“I never consciously choose to show off my sexuality. I alternate between tuxedos and dresses and from being more covered up to not so covered up. For Cannes the stylist for L’Oreal, Michael Angel handed me the black Alberta Ferretti dress and it worked. The year before I wore flats and that was another thing that caused a lot of attention. I just felt good in that dress and it wasn’t a case of doing a premediated whatever… I was pleased with the reaction and if you are going to do something like that it’s good to have your mates with you - Julianne (Moore) was there. I was just dressing up to have a good time. I just wear what’s comfortable!”

I was arrested and protested long before I was a celebrity…

“I grew up the late 60s/ early 70s, before corporate media made sure that you didn’t know what was going on first hand. If you had half a brain and you were young, you were politically active whether it was about civil liberties in the south or Vietnam. There was never a moment that made me politically active, more that throughout the years I have continued with that spirit. I was arrested and protested long before I was a celebrity, now I have a way of bringing the press into situations they weren’t covering. Like with Lesbos, I tried to humanize refugees at a time when they were being demonized.”

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Giving up my privacy is worth it to help others in need…

“Firstly, I am lucky enough to be in a position that I can help others. Secondly, you give up a lot of privacy and for better or worse people know so much about you. Now everyone has camera phones you are not protected by media in the same ways you were in the old days. Being active is a way of ensuring your job isn’t just using you and instead you are using celebrity to bring light to issues. I feel that I have a responsibility to find out information that is not easily found in mainstream media and disseminate it. I don’t pretend to be an expert; I just choose to shed a light on the truth. It’s a way of life for me to be authentic, mainly for my children’s and my grand children’s future.”

Jonpaul Douglass

Susan Sarandon behind the scenes at the Mercedes-Benz #mbcollective Fashion Story, Chapter Two photo shoot (Jonpaul Douglass)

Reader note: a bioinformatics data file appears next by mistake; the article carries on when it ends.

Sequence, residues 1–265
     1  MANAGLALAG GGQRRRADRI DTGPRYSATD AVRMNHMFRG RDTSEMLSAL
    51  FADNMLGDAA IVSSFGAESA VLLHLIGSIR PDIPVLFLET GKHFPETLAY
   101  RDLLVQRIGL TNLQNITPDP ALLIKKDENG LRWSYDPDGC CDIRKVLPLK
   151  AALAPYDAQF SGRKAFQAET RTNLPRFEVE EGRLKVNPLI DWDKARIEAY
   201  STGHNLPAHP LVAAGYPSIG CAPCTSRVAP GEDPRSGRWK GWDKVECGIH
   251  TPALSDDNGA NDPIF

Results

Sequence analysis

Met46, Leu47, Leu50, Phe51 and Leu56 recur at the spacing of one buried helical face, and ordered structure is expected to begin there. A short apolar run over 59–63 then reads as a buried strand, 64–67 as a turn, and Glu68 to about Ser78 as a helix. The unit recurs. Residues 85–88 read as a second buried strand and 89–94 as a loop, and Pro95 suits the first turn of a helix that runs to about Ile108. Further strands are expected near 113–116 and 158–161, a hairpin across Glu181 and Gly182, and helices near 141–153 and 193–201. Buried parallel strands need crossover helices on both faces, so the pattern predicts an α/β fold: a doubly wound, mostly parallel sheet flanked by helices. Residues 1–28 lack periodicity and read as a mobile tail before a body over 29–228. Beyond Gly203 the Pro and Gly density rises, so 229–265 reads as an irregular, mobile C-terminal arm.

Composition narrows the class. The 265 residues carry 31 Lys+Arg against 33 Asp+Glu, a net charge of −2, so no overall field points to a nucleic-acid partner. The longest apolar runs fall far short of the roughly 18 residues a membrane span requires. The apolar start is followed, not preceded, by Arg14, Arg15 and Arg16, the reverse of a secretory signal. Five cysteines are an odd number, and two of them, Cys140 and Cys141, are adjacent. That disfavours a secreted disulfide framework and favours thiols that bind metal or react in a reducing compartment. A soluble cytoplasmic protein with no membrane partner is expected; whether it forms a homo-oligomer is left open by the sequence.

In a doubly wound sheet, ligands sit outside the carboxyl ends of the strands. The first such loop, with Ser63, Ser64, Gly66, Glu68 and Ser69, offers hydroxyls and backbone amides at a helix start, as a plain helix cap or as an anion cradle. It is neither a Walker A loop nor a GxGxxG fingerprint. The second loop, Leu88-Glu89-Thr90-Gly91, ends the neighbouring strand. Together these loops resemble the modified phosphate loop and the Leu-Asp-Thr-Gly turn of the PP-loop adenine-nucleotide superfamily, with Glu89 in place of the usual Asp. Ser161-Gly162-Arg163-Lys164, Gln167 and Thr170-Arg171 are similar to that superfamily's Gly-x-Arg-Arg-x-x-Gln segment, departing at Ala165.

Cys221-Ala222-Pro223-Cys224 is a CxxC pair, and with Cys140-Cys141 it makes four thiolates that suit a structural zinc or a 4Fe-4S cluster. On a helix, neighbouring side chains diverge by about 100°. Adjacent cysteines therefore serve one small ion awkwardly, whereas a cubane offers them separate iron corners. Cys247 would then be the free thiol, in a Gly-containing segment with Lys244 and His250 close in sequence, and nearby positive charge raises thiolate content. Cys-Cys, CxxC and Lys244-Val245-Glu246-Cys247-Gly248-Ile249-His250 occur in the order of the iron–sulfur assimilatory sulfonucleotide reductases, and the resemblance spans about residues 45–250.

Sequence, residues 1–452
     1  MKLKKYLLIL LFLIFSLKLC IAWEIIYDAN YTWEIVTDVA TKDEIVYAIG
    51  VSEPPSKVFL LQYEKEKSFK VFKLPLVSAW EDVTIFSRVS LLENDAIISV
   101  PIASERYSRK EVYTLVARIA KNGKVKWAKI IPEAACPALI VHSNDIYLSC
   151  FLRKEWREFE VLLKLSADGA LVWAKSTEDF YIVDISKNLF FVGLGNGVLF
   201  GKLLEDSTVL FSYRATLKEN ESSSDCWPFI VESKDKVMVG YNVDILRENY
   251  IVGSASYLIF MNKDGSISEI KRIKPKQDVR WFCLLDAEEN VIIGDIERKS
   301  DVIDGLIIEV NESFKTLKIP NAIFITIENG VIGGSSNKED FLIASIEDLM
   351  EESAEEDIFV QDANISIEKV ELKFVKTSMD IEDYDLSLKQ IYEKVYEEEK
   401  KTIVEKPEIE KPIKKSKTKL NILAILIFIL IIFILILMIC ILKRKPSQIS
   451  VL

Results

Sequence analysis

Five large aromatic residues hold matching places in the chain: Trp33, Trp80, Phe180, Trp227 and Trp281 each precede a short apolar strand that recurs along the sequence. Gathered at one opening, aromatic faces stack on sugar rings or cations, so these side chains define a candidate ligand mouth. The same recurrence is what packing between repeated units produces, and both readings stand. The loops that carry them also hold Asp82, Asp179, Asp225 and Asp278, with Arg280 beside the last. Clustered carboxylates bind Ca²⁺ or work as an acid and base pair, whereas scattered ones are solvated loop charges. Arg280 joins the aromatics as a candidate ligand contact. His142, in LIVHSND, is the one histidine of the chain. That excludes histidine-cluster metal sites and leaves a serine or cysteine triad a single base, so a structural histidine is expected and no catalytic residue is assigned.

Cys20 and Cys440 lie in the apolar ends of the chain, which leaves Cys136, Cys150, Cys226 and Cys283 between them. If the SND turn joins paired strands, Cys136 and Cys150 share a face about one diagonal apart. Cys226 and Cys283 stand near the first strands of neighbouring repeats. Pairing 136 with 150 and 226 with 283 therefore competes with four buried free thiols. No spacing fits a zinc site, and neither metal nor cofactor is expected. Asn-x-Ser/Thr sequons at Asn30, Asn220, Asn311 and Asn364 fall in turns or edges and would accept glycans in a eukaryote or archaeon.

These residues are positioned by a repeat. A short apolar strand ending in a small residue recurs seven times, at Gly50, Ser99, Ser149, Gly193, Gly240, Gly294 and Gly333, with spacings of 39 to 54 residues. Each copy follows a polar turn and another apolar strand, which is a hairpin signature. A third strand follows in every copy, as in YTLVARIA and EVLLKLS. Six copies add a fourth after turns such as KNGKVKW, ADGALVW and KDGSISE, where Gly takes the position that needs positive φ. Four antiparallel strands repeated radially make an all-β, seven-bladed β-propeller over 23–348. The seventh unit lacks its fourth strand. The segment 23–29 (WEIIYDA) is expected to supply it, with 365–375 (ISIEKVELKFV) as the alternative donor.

Millennials give me hope for the future…

“People who are in their twenties are the people who won’t have water or freedom of the Internet. They know the old folks have screwed it up for them. They are online and not getting the information from CNN, so they know what is going on. You are the ones who are going to bare the brunt of no work, global warming and the lies that are coming out now. I am optimistic about the future because of millennials, especially given that they are so politically active. It’s great there are so many women running for office and there are so many people interested in the truth!”

At 70 years old, my career should be over by now…

“When I started out everyone told me that my career would be over by 40. Now, a lot of rules and expectations have changed. My daughter is 32 years old and she takes for granted that she can do everything - she doesn’t understand what all the fuss was about.”

Jonpaul Douglass

Working with my Mercedes Benz Collective Protégée, Bryn Mooser has opened my eyes…

“Honestly I rarely give advice to anybody. If Bryn took anything from our relationship, it would just be to do things by example. The most surprising thing about grass root activists like Bryn or Helen Prejea - who I played in Dead Man Walking (who brought attention to the death penalty) - or the former child soldier I worked with in Uganda (who now houses and teaches 300 kids), is how joyful they are. I think people often have this misconception that people who care about people outside of their four walls are dour, unhappy people but they are usually the most celebratory people. Bryn is on the cutting edge of technology and he’s introduced me to that, too. I narrated one of the first Virtual Reality films for him about Nepal – I would be very late in the game to these new technologies if it wasn’t for him.”

 

Susan Sarandon appears in the Mercedes-Benz #mbcollective Fashion Story, Chapter Two – launched recently at Mercedes-Benz Fashion Week Berlin